It is true, as Sunny pointed out, that we cannot do most things that we do in modern society without using something that others made or did.
But I prefer to look at it from a Milton Friedman point of view, the libertarian "pencil" argument for the free market, not the "hey, we all chipped in to this government pool that made things that facilitated your product or service" argument.
The fundamental difference is the libertarian argument is that we all cooperate voluntarily, without even really knowing necessarily that the tree I just cut will be used for a pencil or a two-by-four or to start a fire in someone's fireplace. It's just a spontaneous order, not directed by any government agency or agencies, that gets the job done ... and it asks nothing from anyone.
The "the government made it happen" argument suffers from a few fundamental problems. One, the government couldn't make it happen without businesses. In other words, it's really a self-defeating argument in the end. That should be enough to end the argument right there. But secondly, the Government didn't "build the roads" to facilitate business succeeding. It did it to facilitate everyone's ability to go places and perhaps take things with them. They're for everybody, and everybody pays for them ... especially businesses, who not only pay a bunch of taxes but pay the rest of us who paid our taxes to build the roads. Which is back to the first argument.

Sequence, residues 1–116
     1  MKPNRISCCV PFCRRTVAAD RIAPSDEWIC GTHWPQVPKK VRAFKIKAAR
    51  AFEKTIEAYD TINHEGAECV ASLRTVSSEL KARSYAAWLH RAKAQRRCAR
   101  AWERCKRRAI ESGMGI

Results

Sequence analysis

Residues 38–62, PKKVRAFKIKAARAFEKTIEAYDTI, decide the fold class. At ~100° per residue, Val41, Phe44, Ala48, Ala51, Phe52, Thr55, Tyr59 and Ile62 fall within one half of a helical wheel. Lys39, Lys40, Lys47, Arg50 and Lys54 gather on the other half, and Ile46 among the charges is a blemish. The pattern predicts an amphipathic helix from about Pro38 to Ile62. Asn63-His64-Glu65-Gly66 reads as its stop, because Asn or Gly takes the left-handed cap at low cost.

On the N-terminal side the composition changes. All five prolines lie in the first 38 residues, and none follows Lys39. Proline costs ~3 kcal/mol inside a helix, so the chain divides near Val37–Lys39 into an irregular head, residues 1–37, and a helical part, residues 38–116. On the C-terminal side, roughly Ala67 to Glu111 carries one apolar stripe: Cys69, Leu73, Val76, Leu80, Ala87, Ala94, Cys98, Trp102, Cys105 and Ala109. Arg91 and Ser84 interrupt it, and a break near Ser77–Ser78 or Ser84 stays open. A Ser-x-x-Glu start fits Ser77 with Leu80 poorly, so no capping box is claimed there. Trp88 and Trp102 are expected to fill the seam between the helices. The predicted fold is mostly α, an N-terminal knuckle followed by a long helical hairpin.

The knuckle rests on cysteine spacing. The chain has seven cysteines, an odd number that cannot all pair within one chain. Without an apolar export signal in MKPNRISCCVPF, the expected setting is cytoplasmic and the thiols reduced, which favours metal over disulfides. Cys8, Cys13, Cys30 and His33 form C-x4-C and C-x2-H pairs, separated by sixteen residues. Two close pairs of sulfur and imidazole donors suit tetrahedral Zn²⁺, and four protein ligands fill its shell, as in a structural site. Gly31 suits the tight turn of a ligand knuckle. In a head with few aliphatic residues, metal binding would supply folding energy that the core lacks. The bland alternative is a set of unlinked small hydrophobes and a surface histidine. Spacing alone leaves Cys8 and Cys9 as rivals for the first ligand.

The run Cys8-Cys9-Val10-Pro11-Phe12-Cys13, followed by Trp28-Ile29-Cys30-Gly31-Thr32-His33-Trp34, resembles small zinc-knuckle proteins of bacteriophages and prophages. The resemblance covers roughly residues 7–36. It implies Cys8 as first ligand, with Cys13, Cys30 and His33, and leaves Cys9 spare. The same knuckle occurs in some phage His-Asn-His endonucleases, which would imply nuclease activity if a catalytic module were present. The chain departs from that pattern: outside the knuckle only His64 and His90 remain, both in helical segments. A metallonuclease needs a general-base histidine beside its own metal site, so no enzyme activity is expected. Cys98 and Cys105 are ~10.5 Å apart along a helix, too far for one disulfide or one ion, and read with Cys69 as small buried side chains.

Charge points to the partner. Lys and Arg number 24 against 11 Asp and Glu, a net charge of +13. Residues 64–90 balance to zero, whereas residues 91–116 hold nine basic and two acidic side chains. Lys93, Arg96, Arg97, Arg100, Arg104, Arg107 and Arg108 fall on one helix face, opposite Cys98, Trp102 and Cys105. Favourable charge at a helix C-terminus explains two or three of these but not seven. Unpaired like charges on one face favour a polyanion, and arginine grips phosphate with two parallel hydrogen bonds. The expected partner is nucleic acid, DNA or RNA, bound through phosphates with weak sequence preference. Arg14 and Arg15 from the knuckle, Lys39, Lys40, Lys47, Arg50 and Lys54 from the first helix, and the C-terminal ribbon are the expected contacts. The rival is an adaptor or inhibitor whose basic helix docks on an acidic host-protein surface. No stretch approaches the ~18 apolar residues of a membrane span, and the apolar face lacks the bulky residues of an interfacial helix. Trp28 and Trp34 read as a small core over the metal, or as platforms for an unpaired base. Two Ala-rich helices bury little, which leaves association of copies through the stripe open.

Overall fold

And lastly, the core reason the "you didn't build that" argument is being used here is to justify taking yet more money from someone. And you can bet your bottom dollar, so to speak, that if they get an additional 5% this time around, it won't be enough next year, and the same psuedo populist class warfare argument in disguise will be used to shake them down for yet more .... and so on, and so on, and so on.
So a pox on all that. Sunny made the sandwich, dammit.